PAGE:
on May 7, 2013
Genres: Contemporary, Young Adult
First it was SLUT scribbled all over Lizzie Hart’s locker.
But one week after Lizzie kills herself, SUICIDE SLUT replaces it—in Lizzie’s looping scrawl.
Lizzie’s reputation is destroyed when she’s caught in bed with her best friend’s boyfriend on prom night. With the whole school turned against her, and Angie not speaking to her, Lizzie takes her own life. But someone isn’t letting her go quietly. As graffiti and photocopies of Lizzie’s diary plaster the school, Angie begins a relentless investigation into who, exactly, made Lizzie feel she didn’t deserve to keep living. And while she claims she simply wants to punish Lizzie’s tormentors, Angie’s own anguish over abandoning her best friend will drive her deep into the dark, twisted side of Verity High—and she might not be able to pull herself back out.
Debut author Chelsea Pitcher daringly depicts the harsh reality of modern high schools, where one bad decision can ruin a reputation, and one cruel word can ruin a life. Angie’s quest for the truth behind Lizzie’s suicide is addictive and thrilling, and her razor-sharp wit and fierce sleuthing skills makes her impossible not to root for—even when it becomes clear that both avenging Lizzie and avoiding self-destruction might not be possible.
The S-Word certainly wasn’t what I was expecting. Not at all. I was expecting a dark contemp about name calling, bullying and its devastating effects. That is a very common thread throughout the book, but I wasn’t expecting it to be as dark and intense as it was. Nor was I anticipating the mystery that slowly unravels throughout the book.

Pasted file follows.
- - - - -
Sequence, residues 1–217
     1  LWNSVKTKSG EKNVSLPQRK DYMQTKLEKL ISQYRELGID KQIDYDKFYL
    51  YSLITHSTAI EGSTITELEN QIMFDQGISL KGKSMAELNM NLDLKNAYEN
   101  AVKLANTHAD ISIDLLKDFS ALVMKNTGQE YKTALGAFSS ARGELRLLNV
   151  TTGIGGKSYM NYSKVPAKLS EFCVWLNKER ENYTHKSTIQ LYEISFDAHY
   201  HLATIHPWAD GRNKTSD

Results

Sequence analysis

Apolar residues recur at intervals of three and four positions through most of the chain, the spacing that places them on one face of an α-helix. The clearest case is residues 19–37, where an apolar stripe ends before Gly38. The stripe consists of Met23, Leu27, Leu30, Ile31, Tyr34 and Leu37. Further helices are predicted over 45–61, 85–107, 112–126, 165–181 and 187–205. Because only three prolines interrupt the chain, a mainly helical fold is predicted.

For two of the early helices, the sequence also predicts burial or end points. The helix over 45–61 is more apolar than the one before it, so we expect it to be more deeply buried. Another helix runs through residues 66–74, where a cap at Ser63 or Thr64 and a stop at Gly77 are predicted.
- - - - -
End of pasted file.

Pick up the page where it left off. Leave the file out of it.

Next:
There’s a lot going on in The S-Word. There’s several mysteries, there’s lots of tough issues brought up (and handled nicely, I must say), and there’s also some romance thrown in there. It all mostly works though. There was one story line, while interesting and a bit horrifying, I felt like we could have done without. Some things I predicted very early and one thing really surprised me. So that all evened out, I suppose.
The book is very dark. There’s also something different about the writing style. I can’t really explain, but it’s obvious from the start. It makes the story fast paced and intense. The romance is pretty unique as well. At first I thought it was a little odd, but it definitely grew on me by the end.
The main character isn’t going to be winning any favorite character awards. She’s not very likable, but I didn’t really find her to be really unlikable..if that makes sense. She makes a lot of poor choices. My biggest emotional connection to the story was Lizzie. She’s already dead by the time the book begins, but as Angie learns new things about her and as we get glimpses of her diary you can’t help but feel some much regret that this happened to her. It’s really heartbreaking.
Overall, The S-Word by Chelsea Pitcher was a riveting read. It was almost impossible to put down during the last half. I was shocked and heartbroken, but the ending was hopeful.